The other day I had a client complaining about slowness, queries erroring out, blocking and processes stopping; you know the usual complaints. So, like any other DBA I pulled out my handy dandy toolbox of queries to determine exactly what was going on with the server.
Upon reviewing their current running sessions, I noticed that the Isolation Level for a simple UPDATE transaction was “Serializable” and all other transactions were “Read Committed”. And this Serializable transaction was blocking all other transactions.
Now, let me preference the rest of this blog series with: in all my SQL experiences, I have yet had to change the isolation levels on a transaction or database level. Which means, I have never studied this topic in depth. So, this got me thinking, what are the different isolation levels and why would anyone ever change from the default isolation, which is “Read Committed”?
Typically, when I attempt to learn something, I like to write it down. Because this is a lot of information, I am going to present my learning in 3 parts: Concurrency Issues and how SQL works, Isolation Levels and how they help resolve Concurrency issues, and some helpful scripts to test and figure all this out.
So, let’s start at the beginning. The purpose of an Isolation level is to provide SQL server with a mechanism to protect data against specific concurrency problems when multiple CRUD (create, read, update, delete) operations occur on the same data.
Data is intended to be read, modified, created or deleted over time. Most databases have multiple connections doing all these things at the same time. Managing all these concurrent connections SQL server must decide which statements gets precedence. SQL typically operates on a “first-in, first-out” method of handling queries. But what those queries do can determine the fate of queries in line to be executed. And these decisions can cause data concurrency issues. The following concurrency “phenomena” have been identified by ISO/ANSI standard for SQL-92 as possible results for concurrent transactions.
It is possible for two or more transactions to modify the same row. While the subsequent transactions are reading the data, the 1st transaction commits its changes. Then the subsequent transaction makes its changes and commits, thereby possibly losing the changes committed by the 1st transaction. In this scenario, the last transaction always wins.
A dirty read is when a SELECT statement will read against a table that is currently being modified and not yet committed to the database. By default, SQL Server will protect against this on all isolation levels, except for Read Uncommitted or by using NOLOCK in your queries.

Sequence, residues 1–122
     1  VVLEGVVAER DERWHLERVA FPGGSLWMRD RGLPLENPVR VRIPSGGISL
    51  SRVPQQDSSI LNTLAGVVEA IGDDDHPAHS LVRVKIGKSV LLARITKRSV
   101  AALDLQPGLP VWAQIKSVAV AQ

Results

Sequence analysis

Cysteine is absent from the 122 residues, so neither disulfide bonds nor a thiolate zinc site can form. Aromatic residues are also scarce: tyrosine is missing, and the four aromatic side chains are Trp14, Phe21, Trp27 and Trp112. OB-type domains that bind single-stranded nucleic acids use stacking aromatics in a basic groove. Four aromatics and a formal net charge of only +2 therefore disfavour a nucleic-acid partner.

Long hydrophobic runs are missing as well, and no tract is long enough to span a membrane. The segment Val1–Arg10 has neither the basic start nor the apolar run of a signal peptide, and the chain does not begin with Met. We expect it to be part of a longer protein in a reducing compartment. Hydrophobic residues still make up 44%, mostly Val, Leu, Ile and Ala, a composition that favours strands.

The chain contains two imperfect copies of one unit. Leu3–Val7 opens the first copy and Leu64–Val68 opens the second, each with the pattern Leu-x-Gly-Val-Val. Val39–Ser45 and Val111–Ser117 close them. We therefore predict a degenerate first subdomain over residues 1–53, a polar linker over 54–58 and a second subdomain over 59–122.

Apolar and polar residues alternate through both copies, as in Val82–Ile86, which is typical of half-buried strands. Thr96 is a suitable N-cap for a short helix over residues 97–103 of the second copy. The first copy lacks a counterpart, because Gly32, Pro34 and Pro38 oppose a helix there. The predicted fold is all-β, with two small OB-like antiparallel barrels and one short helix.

This form of concurrency problem can happen when a specific dataset (using the same WHERE clause) is accessed multiple times within the same transaction and some of the rows in the dataset are updated between the 1st and 2nd access. This will product two different result sets.
Very similar to non-repeatable reads, a phantom read concurrency is when two queries in the same transaction, against the same table with the same WHERE clause produces two different result sets because a 3rd query has changed data between the first and second SELECT statements.
How to combat these Concurrency Problems?
For most DBAs, the integrity of their data is, or should be, the most important aspect of their job. It quite literally can be a “job killer”. Fortunately for us, Microsoft has built SQL Server with several levels to isolate the data during CRUD operations to ensure these concurrency problems are eliminated. These Isolation Levels are called Read Uncommitted, Read Committed, Repeatable, Serializable, Snapshot.
The following script when executed will display all current sessions and their Isolation Levels. It is always good to know what your connections are doing to SQL.
select s.session_id ,s.status ,db_name(s.database_id) [Database] ,case when s.transaction_isolation_level = 1 then 'Read Uncommitted' when s.transaction_isolation_level=2 then 'Read Committed' when s.transaction_isolation_level=3 then 'Repeatable' when s.transaction_isolation_level=4 then 'Serializable' when s.transaction_isolation_level=5 then 'Snapshot' else 'Unspecified' end [Transaction Isolation Level] ,s.host_name ,s.cpu_time ,s.deadlock_priority from sys.dm_exec_sessions s where s.session_id>50
In the case of my client, there was one UPDATE transaction that was using Serializable Isolation Level, it was this session that was BLOCKING all other transactions from completing. But why was the transaction Serializable and why was it blocking for so long of a period?
Not knowing the details behind Serializable Isolation Level, it was time for some more learning. I will discuss the different Isolation levels in my next post. Until then…